JUDGMENT OF THE FEDERAL COURT OF APPEAL
March 11, 1986
CANADA EMPLOYMENT AND
DUBINSKY J, UMPIRE,
DEPUTY ATTORNEY GENERAL OF CANADA,
REASONS FOR JUDGMENT OF THE COURT
(Delivered from the bench at Montreal
on Tuesday, March 11, 1986)
The problem for solution is whether the umpire was right in saying that there was sufficient evidence before the board of referees to support the conclusion that the applicant lost his job as a result of his own misconduct.
To prove misconduct by an employee it must be shown that he behaved in some way other than he should have. Accordingly, such an allegation is not proven simply by showing that the employer found his employee's conduct to be reprehensible, or charged him with misconduct in general terms. For a board of referees to conclude that there was misconduct by an employee, it must have before it sufficiently detailed evidence for it to be able, first, to know how the employee behaved, and second, to decide whether such behavior was reprehensible.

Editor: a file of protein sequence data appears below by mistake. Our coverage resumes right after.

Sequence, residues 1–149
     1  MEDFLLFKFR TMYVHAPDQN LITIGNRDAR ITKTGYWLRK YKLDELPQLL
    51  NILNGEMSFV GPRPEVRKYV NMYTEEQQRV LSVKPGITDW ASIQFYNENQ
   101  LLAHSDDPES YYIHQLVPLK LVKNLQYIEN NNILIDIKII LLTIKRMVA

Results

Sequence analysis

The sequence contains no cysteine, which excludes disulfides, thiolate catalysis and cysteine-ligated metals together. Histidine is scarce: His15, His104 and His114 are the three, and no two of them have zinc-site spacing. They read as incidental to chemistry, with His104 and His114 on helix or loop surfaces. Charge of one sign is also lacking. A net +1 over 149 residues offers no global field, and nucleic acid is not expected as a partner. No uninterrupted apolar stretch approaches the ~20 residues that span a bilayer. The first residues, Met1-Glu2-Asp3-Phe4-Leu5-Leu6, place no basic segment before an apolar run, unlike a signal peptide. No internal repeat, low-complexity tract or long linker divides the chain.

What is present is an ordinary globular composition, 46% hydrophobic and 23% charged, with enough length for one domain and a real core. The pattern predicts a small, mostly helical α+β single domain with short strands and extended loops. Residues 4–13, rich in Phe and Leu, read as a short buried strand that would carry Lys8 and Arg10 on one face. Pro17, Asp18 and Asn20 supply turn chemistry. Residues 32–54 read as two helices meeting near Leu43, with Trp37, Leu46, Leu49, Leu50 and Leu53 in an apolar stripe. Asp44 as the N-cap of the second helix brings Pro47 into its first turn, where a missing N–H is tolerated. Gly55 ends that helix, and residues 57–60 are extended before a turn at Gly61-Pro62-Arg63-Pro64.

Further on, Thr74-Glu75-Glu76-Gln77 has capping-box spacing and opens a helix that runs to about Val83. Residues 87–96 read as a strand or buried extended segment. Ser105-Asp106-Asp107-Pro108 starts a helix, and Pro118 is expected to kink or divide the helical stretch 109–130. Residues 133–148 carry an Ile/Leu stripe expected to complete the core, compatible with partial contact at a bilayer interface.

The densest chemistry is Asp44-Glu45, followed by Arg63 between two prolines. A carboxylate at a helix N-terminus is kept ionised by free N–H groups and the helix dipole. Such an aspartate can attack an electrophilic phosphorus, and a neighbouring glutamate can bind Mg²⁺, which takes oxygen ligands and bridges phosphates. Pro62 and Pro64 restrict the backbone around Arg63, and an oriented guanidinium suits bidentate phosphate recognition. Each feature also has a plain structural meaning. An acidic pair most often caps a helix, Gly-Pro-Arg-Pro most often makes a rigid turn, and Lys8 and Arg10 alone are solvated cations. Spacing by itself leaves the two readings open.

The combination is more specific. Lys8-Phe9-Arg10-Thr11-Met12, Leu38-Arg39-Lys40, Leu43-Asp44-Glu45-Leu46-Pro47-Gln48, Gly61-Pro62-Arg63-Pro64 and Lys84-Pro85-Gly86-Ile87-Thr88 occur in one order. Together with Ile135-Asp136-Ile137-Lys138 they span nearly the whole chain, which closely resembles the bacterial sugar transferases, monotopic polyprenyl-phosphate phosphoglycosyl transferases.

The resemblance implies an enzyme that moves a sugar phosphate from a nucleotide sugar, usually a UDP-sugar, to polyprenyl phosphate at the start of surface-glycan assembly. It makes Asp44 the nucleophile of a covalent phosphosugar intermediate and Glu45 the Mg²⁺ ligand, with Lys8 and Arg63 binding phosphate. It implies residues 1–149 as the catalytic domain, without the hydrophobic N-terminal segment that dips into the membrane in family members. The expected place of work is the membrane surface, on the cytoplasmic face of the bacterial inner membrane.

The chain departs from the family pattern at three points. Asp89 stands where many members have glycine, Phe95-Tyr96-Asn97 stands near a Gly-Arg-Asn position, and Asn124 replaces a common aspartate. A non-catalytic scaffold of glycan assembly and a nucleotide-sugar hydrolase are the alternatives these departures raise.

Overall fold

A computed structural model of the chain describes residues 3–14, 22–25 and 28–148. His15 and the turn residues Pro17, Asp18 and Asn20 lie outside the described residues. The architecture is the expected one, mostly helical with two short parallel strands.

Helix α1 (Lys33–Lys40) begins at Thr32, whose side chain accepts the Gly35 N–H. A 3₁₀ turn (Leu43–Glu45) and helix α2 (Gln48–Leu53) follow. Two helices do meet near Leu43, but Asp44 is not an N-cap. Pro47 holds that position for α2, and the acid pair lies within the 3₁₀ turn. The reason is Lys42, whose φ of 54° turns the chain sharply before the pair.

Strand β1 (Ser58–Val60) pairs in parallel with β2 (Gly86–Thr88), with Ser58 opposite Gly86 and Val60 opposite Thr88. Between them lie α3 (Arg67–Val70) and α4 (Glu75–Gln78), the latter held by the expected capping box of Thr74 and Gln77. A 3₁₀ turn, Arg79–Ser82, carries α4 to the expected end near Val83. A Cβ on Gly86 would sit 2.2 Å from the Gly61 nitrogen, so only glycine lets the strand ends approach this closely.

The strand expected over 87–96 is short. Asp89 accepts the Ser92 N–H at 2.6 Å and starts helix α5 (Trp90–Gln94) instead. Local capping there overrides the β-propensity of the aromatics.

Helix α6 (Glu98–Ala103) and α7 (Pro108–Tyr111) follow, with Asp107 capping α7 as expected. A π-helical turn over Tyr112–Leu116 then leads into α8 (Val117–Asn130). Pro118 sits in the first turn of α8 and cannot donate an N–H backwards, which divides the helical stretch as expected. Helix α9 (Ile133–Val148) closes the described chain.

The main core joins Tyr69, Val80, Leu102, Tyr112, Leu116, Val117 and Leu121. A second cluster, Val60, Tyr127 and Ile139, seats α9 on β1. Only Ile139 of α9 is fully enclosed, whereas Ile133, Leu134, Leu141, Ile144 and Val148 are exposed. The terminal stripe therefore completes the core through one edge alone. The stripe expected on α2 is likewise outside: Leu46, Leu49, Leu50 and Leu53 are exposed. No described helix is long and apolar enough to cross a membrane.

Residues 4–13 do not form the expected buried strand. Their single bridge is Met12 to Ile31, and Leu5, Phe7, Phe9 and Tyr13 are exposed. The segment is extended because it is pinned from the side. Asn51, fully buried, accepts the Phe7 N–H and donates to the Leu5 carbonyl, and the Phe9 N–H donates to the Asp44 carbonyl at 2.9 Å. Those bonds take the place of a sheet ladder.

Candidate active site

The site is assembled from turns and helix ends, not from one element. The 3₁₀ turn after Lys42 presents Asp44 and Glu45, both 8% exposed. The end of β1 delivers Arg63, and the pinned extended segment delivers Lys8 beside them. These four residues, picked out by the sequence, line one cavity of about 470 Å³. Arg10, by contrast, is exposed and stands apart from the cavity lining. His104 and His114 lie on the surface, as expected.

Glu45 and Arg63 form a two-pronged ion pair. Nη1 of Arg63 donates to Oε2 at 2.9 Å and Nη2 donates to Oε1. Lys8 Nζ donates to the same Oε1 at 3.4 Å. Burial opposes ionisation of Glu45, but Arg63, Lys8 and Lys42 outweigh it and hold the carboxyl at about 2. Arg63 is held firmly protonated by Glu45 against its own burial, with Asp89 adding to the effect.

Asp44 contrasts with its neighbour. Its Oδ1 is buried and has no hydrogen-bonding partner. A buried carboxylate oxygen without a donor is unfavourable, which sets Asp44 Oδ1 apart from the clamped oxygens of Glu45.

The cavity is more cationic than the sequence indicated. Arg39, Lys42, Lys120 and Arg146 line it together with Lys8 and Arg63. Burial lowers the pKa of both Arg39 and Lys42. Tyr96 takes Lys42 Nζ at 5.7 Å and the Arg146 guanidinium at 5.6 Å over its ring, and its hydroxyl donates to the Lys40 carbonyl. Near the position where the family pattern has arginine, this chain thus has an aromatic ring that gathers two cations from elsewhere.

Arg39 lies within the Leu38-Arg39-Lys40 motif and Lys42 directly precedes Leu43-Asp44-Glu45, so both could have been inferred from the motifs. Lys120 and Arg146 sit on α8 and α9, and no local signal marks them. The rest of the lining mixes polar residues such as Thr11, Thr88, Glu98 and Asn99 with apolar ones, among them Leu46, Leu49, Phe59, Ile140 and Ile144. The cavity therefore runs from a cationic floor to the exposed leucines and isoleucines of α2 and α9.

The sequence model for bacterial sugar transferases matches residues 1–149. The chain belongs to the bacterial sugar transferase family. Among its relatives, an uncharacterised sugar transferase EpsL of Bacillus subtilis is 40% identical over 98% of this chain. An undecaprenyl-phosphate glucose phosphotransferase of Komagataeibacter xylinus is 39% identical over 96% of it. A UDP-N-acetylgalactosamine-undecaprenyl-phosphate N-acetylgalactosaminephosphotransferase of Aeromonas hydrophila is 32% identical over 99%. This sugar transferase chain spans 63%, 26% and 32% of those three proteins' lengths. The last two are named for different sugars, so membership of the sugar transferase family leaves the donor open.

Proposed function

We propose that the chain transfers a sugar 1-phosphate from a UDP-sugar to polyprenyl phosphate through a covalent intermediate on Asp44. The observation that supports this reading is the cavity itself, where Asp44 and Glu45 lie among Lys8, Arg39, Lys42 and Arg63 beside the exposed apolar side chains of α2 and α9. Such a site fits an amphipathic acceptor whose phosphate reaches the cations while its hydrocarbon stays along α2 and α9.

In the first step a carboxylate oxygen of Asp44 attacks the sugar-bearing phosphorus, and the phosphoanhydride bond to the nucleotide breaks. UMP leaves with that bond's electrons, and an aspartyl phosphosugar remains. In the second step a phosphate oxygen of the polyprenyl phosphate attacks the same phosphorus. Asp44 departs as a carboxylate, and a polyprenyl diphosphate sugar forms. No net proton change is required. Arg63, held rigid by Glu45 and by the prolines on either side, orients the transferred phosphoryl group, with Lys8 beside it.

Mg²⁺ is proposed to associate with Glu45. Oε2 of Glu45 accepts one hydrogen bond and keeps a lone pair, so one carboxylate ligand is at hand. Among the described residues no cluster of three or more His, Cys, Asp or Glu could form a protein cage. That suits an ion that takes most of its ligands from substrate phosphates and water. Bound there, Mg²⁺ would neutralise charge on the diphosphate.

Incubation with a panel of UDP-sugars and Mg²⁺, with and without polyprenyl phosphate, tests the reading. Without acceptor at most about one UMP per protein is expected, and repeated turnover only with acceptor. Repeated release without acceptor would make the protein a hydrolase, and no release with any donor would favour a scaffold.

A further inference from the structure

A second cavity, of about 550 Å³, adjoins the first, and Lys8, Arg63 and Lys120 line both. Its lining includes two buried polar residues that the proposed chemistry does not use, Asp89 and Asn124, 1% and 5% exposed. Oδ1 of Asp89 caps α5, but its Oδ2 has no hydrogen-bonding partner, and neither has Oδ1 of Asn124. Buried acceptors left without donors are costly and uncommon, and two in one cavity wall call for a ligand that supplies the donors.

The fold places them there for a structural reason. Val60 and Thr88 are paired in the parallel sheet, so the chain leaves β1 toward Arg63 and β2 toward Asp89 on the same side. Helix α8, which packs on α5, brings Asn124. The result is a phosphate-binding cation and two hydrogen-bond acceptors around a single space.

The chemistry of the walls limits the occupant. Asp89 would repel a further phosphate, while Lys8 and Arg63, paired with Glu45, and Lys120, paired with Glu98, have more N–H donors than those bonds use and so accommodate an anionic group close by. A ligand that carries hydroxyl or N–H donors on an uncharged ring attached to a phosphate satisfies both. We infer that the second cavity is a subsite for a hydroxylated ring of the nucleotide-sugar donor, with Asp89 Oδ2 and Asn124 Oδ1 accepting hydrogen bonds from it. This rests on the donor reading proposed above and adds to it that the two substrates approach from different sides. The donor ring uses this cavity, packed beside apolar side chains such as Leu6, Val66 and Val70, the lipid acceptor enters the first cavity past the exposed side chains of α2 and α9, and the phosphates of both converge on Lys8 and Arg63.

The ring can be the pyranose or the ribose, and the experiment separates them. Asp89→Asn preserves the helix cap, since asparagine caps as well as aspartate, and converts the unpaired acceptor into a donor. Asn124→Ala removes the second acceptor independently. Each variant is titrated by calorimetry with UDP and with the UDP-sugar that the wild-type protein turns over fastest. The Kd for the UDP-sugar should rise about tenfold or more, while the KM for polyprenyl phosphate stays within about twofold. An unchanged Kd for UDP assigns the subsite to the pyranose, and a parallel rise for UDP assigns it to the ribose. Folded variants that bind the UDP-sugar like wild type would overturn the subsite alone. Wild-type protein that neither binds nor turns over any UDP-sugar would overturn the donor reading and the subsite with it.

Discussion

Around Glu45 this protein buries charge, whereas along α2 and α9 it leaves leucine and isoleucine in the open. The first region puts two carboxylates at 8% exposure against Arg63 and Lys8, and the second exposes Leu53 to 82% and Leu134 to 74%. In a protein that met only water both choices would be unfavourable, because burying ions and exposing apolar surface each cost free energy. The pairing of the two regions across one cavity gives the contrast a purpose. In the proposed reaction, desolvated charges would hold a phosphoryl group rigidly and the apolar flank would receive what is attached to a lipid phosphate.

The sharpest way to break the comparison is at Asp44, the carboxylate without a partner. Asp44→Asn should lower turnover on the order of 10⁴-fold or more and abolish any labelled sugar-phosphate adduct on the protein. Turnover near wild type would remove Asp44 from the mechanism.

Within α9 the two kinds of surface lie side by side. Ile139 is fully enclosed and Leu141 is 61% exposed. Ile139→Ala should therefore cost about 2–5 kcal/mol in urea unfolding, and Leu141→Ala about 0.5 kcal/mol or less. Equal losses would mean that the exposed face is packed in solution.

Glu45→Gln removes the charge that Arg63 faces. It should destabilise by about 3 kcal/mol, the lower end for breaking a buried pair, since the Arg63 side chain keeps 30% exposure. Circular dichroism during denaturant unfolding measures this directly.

In the case at bar, we are all of the view that the evidence that was before the board of referees does not meet these requirements.
For this reason the application will be allowed, the decision impugned will be set aside and the matter referred back to the umpire to be gain decided by him on the basis that, in law, the evidence before the board of referees was not sufficiently detailed to support a conclusion of misconduct.